SAP devoted the second day of SAP Influencer Summit 2010 to its on-demand solutions and roadmap. Presenting to a room full of analysts, bloggers and reporters typing “#sapsummit” into every message they tweeted, Peter Lorenz, executive vice president and corporate officer, kicked off the day with SAP’s perspective on cloud computing for the enterprise.
Lorenz classified the on-demand needs of business according to size. While most companies enjoy on-demand solutions for their quick implementation times and lower — and sometimes fixed — implementation costs, Lorenz said large enterprises in particular are looking for improvements to line-of-business processes and support for business-network transformation, while small and midsize enterprises (SMEs) are more concerned with growing without capital expenditures, globalization and the flexibility to start small and then expand.
In addition, for all enterprises, Lorenz said, “Disruption on the core is forbidden. We are focusing on smooth innovation at the core and innovation at the edges — with higher speed.”
Lorenz also acknowledged that, “The world is not cleanly on-demand or on-premise. We see the world going hybrid. Companies will choose services for different purposes — from both public and private clouds — integrated with on-premise solutions.”
Moving forward, SAP’s goals are providing a comprehensive on-demand portfolio, SAP Business ByDesign for subsidiaries and line-of-business solutions such as career, travel and sales, among others.
Lorenz also noted that “on demand” is more than a technical discussion; like in memory, it opens up new possibilities of what can be done in business, which SAP is exploring in developing new applications.
John Wookey, executive vice president of Large Enterprise On-Demand, followed on this theme: “The applications industry is constantly reinventing itself because people keep changing. To do our job well in the software industry we must come as close as possible to supporting how people really work together. We focus not just on how we solve business problems but on how people achieve objectives.”
Customers share on-demand experiences
In a panel presentation, four customers took the stage to discuss their experience with on-demand solutions from SAP. Greg Dunn, CFO of juice beverage maker Sambazon, spoke first. Sambazon sells to major grocery chains such as Whole Foods, CostCo and Walmart, and recently the company evaluated many systems to help get a handle on material requirements planning (MRP) modules given they have a perishable product and don’t want to produce too much or too little. They selected SAP Business ByDesign because it doesn’t require IT infrastructure, can be quickly implemented and has the functionality Sambazon needed. Dunn added that the solution took just one month to implement, and that it has been up and running (quite well) since March.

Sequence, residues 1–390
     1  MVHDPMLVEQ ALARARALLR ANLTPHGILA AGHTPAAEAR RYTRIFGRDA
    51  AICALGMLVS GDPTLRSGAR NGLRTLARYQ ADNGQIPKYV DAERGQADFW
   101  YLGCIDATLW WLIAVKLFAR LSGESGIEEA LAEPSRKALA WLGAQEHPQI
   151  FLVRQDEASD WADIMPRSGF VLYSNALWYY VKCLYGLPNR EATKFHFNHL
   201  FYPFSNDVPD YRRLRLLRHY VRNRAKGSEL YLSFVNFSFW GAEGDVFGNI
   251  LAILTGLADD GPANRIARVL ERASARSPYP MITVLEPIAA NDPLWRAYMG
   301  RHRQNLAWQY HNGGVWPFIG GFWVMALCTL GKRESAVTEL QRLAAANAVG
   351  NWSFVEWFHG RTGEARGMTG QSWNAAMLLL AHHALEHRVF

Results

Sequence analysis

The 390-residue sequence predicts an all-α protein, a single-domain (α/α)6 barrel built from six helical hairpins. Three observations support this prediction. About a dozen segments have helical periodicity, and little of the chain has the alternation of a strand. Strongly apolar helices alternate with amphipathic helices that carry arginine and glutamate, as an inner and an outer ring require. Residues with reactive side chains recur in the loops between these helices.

Steve Cochran, director of Information Services at King Arthur Flour, a 220-year-old flour company, implemented SAP BusinessObjects BI OnDemand last summer. “Our strategic driver,” Cochran said, “was: ‘How can we develop our people to sustain growth? How can we raise the level of analytic ability and accessibility throughout the company to allow it to continue to grow?’” SAP BusinessObjects BI OnDemand provided the answer and was up and running in one month.
King Arthur Flour worked with both SAP and Oco Business Analytics to complete the project and is one of many companies tapping into the rich ecosystem SAP has developed to bring greater value to customers.
Joseph Schramm, VP of business development at Oco, said that the co-marketing experience with SAP has been excellent, as has the company’s symbiotic relationship with SAP’s field organization. “Since we’ve been a partner,” said Schramm, “revenue opportunities through SAP have scaled. In 2009, we could attribute 10 percent of our bookings to our SAP partnership. This year, that number will reach 30 percent and we anticipate it will reach 50 percent in 2011.”
Eric Renouard, executive director of Global SAP Technology at Accenture, expressed his excitement that, “The cloud computing paradigm is now here. We recently did a survey of 700 companies and 99 percent of them either had cloud computing in their architecture or expected to in the next 18 months.”
Wrapping up the presentations, IDC analyst Carl Olofson remarked on Twitter: “Very strong, very comprehensive OD [on-demand] story for SAP. Anyone who thinks cloud leadership is settled, think again.”